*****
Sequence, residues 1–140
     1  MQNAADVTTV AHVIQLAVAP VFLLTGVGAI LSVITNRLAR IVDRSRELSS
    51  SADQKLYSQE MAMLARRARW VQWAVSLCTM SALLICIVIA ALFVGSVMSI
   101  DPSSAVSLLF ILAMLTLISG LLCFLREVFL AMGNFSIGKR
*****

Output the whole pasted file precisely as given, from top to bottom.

Sequence, residues 1–140
     1  MQNAADVTTV AHVIQLAVAP VFLLTGVGAI LSVITNRLAR IVDRSRELSS
    51  SADQKLYSQE MAMLARRARW VQWAVSLCTM SALLICIVIA ALFVGSVMSI
   101  DPSSAVSLLF ILAMLTLISG LLCFLREVFL AMGNFSIGKR